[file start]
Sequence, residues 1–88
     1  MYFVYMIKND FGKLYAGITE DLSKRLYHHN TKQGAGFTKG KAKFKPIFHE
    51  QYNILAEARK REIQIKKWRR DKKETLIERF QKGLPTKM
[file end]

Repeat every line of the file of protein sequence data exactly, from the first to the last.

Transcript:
Sequence, residues 1–88
     1  MYFVYMIKND FGKLYAGITE DLSKRLYHHN TKQGAGFTKG KAKFKPIFHE
    51  QYNILAEARK REIQIKKWRR DKKETLIERF QKGLPTKM